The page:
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KFI in Maine: Making Mission-Driven Choices About Funding and Service Innovation

Background:

Katahdin Friends, Inc. (KFI), headquartered in the small rural community of Millinocket, Maine, has been a service provider in this community and surrounding regions for the last 54 years. After providing segregated services for its first 20 years, KFI became an early adopter of supported employment.

In the 1980s, staff members started attending conferences to learn about better, cheaper ways to serve their customers. They were profoundly influenced by the integration approach to community and employment support espoused by other innovative service providers across the country.

Implementation:

As KFI staff learned more about supported employment, they started to put this approach into practice at their agency. This was the beginning of a cultural shift that transformed KFI. Staff were driven by questions like “Is there anyone anywhere doing anything better?” and “Why can’t we do that?”

KFI leadership expressed strong support for moving to a supported employment model. They encouraged staff to attend conferences, read journals, and join national organizations focused on integrated employment.

Part of KFI’s culture shift involved abandoning outdated concepts and services. Between 1985 and 1996 (when their center-based services were closed to provide 100% community-based supports), everything about KFI underwent transition. This included its infrastructure of center-based services, its training curricula, and its strategies for funding supports and services. These changes were driven by the agency-wide recognition that each individual was ready to work in the community.

Today, KFI maintains this stand for fully integrated employment for all job seekers. KFI leadership encourages its staff and the surrounding community to see the full range of possibilities for each customer. Staff develop community relationships and join local organizations. These ties within the community have helped them to find many employment opportunities for the job seekers they serve.

Innovations at KFI have also been driven by economic and geographic conditions. Millinocket is an economically struggling town, and the other communities served by KFI are spread far apart. Staffers work from centrally located offices, but otherwise have few resources to maintain such as agency vehicles or other assets. This is not only a cheaper way to work, but it is aligned with KFI’s focus on working with people in the community over investment in branded items or a building.

KFI provides training to all entry-level staff and refresher courses to longer-term staff on finding the socially valued roles people can play and on normalizing their home, work, and community lives. This training is reinforced through KFI’s process of matching new hires with senior mentors to ensure that everyone understands the philosophy and practicalities of coordinating various services.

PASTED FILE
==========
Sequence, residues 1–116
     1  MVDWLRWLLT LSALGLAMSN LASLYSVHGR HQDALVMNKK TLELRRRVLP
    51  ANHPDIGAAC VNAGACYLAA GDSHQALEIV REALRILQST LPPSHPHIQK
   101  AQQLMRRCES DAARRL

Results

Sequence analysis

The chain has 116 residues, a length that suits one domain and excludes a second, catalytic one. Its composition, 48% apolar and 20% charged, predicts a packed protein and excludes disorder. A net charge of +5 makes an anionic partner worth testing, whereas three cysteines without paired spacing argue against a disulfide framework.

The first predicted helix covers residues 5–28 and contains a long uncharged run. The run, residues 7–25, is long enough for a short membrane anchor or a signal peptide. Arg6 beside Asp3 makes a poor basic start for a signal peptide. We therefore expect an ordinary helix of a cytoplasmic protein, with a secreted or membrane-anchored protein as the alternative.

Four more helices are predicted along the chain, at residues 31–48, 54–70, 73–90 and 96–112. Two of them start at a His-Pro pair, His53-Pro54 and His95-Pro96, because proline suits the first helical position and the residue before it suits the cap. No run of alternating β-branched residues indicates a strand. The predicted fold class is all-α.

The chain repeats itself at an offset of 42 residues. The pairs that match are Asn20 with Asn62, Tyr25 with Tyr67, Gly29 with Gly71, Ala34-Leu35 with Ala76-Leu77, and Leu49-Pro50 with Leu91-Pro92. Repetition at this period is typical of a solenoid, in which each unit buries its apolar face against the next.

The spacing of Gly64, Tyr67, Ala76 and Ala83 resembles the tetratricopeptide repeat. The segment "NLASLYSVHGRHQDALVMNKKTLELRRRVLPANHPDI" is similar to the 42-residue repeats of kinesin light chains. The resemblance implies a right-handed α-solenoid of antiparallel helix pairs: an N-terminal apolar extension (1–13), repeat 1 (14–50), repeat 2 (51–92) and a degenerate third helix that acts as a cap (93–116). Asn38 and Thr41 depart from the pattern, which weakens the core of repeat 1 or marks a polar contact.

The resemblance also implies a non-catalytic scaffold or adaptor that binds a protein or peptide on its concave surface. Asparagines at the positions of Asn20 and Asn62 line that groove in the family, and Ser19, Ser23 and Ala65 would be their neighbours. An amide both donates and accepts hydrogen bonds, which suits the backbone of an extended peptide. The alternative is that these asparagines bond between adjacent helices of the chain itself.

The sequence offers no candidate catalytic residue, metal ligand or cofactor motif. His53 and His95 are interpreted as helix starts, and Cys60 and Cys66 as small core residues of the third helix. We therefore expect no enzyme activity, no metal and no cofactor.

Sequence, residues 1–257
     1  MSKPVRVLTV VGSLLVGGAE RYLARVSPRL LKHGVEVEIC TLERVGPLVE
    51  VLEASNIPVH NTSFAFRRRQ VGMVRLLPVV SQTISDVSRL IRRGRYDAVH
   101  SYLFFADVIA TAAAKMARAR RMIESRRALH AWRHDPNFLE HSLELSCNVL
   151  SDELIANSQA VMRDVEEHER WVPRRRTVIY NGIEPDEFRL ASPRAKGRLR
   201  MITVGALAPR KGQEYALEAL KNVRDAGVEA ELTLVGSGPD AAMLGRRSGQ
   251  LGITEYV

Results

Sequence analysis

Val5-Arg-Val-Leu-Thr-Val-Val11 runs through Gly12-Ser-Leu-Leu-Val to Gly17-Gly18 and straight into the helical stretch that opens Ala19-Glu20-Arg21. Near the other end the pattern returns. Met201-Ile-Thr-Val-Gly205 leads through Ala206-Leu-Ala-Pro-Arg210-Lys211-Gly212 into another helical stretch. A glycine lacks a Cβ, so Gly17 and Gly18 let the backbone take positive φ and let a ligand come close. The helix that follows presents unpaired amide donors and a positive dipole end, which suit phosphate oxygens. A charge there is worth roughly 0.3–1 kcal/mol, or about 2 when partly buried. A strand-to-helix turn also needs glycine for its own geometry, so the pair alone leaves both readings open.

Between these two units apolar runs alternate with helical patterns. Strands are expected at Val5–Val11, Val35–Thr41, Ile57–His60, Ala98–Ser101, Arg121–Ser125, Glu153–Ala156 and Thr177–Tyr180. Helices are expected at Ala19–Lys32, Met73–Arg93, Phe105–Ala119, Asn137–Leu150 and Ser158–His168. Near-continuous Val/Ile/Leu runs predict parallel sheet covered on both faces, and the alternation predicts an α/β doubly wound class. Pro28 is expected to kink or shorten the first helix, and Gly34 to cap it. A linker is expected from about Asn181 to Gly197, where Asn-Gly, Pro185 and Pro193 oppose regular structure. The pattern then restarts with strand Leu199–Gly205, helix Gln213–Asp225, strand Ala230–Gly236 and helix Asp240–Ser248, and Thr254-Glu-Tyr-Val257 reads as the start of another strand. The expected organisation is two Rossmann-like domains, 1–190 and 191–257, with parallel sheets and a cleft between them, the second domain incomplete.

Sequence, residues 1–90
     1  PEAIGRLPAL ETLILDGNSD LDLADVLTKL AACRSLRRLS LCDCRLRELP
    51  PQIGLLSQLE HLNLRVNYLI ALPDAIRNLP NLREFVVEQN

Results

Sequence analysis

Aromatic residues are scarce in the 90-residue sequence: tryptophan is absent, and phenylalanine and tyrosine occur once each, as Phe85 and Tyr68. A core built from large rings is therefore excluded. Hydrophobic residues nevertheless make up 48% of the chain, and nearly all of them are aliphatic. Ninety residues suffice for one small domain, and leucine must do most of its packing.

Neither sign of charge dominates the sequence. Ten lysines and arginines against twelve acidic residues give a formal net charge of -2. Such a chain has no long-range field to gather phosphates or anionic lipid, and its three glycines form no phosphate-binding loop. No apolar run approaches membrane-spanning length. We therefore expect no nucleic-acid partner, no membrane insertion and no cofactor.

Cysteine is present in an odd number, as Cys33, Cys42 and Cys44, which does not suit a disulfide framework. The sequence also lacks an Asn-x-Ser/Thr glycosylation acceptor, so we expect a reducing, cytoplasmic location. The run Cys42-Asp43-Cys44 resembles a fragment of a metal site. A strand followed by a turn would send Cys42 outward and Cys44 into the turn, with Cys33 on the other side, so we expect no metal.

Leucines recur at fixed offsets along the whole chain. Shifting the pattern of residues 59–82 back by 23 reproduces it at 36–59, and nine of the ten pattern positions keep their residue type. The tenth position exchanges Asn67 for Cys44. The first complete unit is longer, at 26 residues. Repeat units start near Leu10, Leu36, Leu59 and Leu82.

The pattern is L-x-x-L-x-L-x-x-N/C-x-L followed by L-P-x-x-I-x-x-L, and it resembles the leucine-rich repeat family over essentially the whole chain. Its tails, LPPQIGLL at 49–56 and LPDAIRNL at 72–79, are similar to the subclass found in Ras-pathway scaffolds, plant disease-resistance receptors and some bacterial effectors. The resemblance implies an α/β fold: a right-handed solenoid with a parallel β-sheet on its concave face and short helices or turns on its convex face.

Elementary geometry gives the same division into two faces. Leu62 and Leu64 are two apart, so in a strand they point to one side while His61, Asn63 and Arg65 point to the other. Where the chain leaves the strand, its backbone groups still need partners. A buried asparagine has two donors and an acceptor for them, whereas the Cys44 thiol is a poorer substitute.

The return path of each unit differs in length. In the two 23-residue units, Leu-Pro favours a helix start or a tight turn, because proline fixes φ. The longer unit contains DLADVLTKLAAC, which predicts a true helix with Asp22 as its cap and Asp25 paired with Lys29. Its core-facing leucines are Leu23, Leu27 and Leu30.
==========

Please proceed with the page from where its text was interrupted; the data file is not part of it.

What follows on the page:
Supports are provided in the context of individuals’ whole lives. Vocational and non-vocational services are frequently combined, with staff who support individuals at home and in the community certified to also assist them with finding and keeping a job, or starting and maintaining a business. These support staff can help identify individuals’ skills, interests, likes and dislikes, energy levels, and other qualities useful for creating good job matches.

Impact:

KFI’s innovative culture and engagement with the community have resulted in many creative employment opportunities. Employment teams made up of KFI support staff, vocational rehabilitation counselors, and family members have supported people with significant disabilities to turn activities they enjoy into jobs and even businesses.

As KFI staff see it, the objective is for the people they support to fit into their community, be visible, and perform a valuable service. “We know that there are other struggling areas in our country where people have [already]…figured this out,” explains CEO Gail Fanjoy. “We place high demands on ourselves, we own when we can’t figure it out, and we really try not to put it on the person.”

KFI staff still ask themselves whether other community rehabilitation providers have found better ways to deliver services and whether KFI can replicate these methods. However, the main employment question KFI staff ask today is, “How can people with significant disabilities do what they love and earn money at the same time?”

Suggestions for Replication:

KFI’s leadership created a culture of innovation. Through their investigation of newer employment practices, they drove home the sense of innovation as the priority, and encouraged staff to find new possibilities and solutions.

The concept of being job-ready was reframed. KFI leadership and staff came to the conclusion that individuals with significant disabilities may be as ready as anyone else for community employment. However, they are only likely to live and work successfully in the community through complete integration, rather than being kept in segregated settings.

New and long-term staffers are presented with training that emphasizes agency values. All new staff are matched with senior mentors as an orientation method. Building social capital is key. Employment is a more likely outcome when individuals with disabilities are seen as contributing to their community, and are considered part of its fabric. Encouraging support staff in local organizations also familiarizes them with employers and job opportunities. KFI hires staff who live locally, and embeds employment services into the provision of other supports. Fifty-three of KFI’s 100 staff members are certified to provide employment support services along with the other work they do.

For more information, contact:
Gail Fanjoy: gfanjoy@kfimaine.org

ICI: promoting inclusion for people with disabilities